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The Arts and Social Change Evaluation closes this strand of the 3 year Citizen Power Peterborough programme of work across the city.

The current debates on the value of the arts and creative practice in the civic sphere and how this value can be articulated, and indeed, measured has been timely as this programme has matured. Citizen Power Peterborough offered quite a unique opportunity to look at building capacity for innovation within both the arts and non-arts communities and explore how the two might be linked.

How could we connect innovative practice in the arts with the desire to innovate outside the arts? What might be the distinctiveness of Peterborough as part of a wider ecosystem of cultural innovation? What are the spaces that enable something to happen? How do we expose the gap between what we say we want and what we do that invites a willingness to change? Many of our partner artists spoke about the art of invitation in their work. How can the arts encourage a willingness to alter behavioural patterns? And what is it that Peterborough can offer the broader creative and cultural ecology of the U.K.? It is hoped that Arts and Social Change in Citizen Power has contributed to understanding how these questions might be answered in the future.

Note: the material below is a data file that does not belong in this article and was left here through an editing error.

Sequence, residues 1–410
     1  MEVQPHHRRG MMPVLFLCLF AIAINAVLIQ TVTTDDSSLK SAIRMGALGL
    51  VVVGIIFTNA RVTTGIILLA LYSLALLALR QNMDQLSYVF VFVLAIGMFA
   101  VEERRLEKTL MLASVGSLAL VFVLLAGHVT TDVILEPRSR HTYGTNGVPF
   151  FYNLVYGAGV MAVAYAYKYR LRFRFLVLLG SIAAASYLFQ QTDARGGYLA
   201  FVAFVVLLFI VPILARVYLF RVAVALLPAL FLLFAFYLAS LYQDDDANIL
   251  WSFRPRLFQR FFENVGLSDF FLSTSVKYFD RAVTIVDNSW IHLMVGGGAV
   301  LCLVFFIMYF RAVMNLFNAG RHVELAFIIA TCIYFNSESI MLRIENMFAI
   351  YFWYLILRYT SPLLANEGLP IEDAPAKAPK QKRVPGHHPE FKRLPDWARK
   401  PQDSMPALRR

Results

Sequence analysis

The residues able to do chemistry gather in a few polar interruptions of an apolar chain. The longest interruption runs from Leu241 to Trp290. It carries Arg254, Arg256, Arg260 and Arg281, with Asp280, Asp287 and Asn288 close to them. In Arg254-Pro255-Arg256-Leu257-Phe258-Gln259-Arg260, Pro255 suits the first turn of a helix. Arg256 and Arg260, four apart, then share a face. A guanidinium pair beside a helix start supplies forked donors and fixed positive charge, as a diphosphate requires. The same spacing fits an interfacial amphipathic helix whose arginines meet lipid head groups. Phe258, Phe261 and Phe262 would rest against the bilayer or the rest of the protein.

We have always emphasized the word ‘and’ within our title, Arts and Social Change in the belief that it is possible to do both. This programme was realized at the same time as the RSA pamphlet, Arts Funding, Austerity and the Big Society which ended with the following words:

public funding for the arts is not simply about investing in opportunities and experiences today, it is about creating the infrastructure of aspirations and expectations for the social economy of tomorrow. Art is not just there for itself. Nor is it there just to deliver other kinds of social good: it helps us to re-imagine the good life in the good society. The idea of the good life and enhanced citizenship must include challenge and edge. Active citizens are difficult, demanding and idealistic. We must never lose a willingness to fund art that is too.


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